The Christmas is near so now is the good time to start creating the magic mood in our hearts. One of the best ways to create the mood is music!
Have you ever listened to the “Season of Joy” by Terence P. Minogue? Even if you had, now is the favorable moment to remember it once again.
About Terence P. Minogue
From 1969 to 1972, Terence Minogue studied composition at Temple University College of Music, and also holds a Bachelor of Science in Marketing, as well as a Master of Business Administration. While attending college, he was already distinguishing himself as a composer of choral works in the Philadelphia area. Today, those early choral settings of Biblical text are still in publication and performed in several Philadelphia churches.
Terence P. Minogue has a long, varied history in composition, including two RIAA Certified Gold Records for his arrangements on Jim Croce’s I Got A Name LP and “I Have to Say I Love You (in a song).” Minogue has arranged for more than 200 recordings and worked for many major labels, including Warner Bros., CBS/Epic (now Sony), RCA, Atlantic, Capitol, AVCO-Embassy, ABC, United Artists, MidSong International, A&M Buddah, and LifeSong, where Minogue was a Director of A&R for seven years. He scored the motion picture ROAR for American Filmworks and Universal Studios. Minogue orchestrated for three network television series: The Greatest American Hero (ABC), The Quest (CBS), and Tales of the Gold Monkey (ABC). As Composer-in-Residence at Church of the Foothills in Ventura, CA, he wrote new music regularly and special cantatas and oratorios for holidays. His religious music has been performed in churches throughout the United States. Other groups performing his work include the Dubuque Symphony (IA), Altoona Symphony (PA), The Princeton Chamber Orchestra (NJ), the Owensboro Symphony Orchestra (KY), Portland Symphony (OR), and Gold Coast Concert Chorus in Ventura (CA).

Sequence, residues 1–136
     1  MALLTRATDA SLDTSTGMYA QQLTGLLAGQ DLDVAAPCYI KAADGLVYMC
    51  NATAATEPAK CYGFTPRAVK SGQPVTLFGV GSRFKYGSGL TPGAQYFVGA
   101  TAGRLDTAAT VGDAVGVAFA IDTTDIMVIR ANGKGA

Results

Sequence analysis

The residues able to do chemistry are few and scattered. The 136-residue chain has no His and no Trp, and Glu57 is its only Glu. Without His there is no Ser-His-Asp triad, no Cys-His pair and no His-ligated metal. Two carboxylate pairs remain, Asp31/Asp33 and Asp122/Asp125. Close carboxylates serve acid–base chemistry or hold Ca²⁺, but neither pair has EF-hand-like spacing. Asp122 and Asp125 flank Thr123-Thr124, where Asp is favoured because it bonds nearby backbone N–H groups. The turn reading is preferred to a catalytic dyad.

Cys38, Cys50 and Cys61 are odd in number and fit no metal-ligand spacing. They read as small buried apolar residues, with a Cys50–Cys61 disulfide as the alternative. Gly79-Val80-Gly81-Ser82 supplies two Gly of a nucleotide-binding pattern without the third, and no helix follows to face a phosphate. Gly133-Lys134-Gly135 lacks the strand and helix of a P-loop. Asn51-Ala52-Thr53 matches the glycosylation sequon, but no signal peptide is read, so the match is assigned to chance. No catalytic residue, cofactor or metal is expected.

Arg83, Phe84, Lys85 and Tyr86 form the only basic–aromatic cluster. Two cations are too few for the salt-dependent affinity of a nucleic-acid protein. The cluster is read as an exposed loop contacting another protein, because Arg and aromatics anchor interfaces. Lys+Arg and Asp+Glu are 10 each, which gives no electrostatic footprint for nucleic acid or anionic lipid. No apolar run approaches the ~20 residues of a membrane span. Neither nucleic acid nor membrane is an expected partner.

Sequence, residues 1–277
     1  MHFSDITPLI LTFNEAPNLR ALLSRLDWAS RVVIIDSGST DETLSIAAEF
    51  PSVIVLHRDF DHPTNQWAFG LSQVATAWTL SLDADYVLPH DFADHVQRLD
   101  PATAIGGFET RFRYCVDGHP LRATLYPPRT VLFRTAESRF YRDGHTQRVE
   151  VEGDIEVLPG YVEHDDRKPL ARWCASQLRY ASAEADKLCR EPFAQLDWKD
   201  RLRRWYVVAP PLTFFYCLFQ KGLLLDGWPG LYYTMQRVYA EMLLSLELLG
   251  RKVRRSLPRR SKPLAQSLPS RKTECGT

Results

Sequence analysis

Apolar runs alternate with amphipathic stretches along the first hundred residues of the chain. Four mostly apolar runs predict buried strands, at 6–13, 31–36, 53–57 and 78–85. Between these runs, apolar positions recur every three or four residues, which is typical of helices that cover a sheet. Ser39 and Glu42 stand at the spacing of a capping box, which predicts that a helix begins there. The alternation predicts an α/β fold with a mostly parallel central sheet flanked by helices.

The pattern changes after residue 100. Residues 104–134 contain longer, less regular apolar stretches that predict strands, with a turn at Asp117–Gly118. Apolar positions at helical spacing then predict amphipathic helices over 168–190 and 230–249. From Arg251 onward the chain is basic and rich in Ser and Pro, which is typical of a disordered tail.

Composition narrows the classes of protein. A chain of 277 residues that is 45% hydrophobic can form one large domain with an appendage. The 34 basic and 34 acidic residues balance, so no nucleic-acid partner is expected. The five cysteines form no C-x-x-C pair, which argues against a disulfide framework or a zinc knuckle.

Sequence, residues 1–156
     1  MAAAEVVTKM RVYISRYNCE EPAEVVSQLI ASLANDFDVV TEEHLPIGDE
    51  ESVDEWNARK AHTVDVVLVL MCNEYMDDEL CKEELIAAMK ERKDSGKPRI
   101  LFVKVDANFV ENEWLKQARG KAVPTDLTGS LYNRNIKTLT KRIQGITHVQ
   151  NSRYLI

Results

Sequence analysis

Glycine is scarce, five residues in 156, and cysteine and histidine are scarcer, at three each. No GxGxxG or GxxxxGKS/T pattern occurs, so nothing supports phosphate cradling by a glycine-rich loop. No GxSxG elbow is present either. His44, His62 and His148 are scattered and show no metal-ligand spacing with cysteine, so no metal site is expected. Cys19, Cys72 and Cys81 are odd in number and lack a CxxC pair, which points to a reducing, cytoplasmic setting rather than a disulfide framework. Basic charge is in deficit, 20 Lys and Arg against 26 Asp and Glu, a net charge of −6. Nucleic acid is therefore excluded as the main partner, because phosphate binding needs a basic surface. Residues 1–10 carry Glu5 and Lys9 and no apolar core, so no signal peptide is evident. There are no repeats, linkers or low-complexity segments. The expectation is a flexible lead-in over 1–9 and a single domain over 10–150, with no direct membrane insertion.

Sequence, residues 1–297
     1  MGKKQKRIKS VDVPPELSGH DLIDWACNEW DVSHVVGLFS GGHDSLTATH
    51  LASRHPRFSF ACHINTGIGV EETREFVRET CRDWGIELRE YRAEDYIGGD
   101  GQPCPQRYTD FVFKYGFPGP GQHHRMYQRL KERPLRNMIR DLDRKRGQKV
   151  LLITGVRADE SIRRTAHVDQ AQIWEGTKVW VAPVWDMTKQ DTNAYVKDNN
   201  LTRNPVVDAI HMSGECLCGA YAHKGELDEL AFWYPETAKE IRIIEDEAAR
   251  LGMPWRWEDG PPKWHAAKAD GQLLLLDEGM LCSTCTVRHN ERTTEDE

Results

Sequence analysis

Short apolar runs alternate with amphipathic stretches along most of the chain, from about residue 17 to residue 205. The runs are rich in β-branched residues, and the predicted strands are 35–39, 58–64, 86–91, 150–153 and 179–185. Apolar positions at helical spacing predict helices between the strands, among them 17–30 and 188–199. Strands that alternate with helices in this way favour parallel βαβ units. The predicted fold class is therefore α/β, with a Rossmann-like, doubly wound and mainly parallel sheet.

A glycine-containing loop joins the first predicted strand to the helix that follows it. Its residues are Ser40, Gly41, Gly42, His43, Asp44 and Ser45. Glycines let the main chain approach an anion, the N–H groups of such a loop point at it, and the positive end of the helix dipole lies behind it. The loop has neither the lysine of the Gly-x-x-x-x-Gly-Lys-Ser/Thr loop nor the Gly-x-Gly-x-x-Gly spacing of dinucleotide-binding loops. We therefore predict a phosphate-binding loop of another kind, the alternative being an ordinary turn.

This album lead us through three special aspects of Christmas:
Part 1—The Season. The weeks before Christmas are a busy time of anticipation for the upcoming festivities. This sections has a swirling rendition of the popular “Gaudete,” a very British version of “Past Three O’Clock,” and a contemplative but happy “In Dulci Jubilo.”
Part 2—And her name was Mary. The story of Mary opens with “Advent Song,” a glimpse of waiting and hoping, followed by an upbeat retelling of “The Annunciation.” In “Sweet Was The Song,” Mary sings a lullaby to her infant – with premonitions of his fate in this world. The section closes with a hypnotic, rhythmic arrangement of “What Child Is This?” (the traditional carol based on the melody of “Greensleeves”).
Part 3—Celebration! The “Gloucestershire Wassail” features tipsy, bubbling orchestration in keeping with season. Henry Wadsworth Longfellow’s “Christmas Bells,” which gives hope that there will be good will and peace on earth, is sung in classic choral style. “Enter The New Year” is a medley of three New Year’s classics: “Lo How A Rose E’er Blooming,” “The Old Year Now Away Has Fled,” and “Here We Come a Wassailing.”
Fill a cup with eggnog, sit by the fire, and enter the Season Of Joy.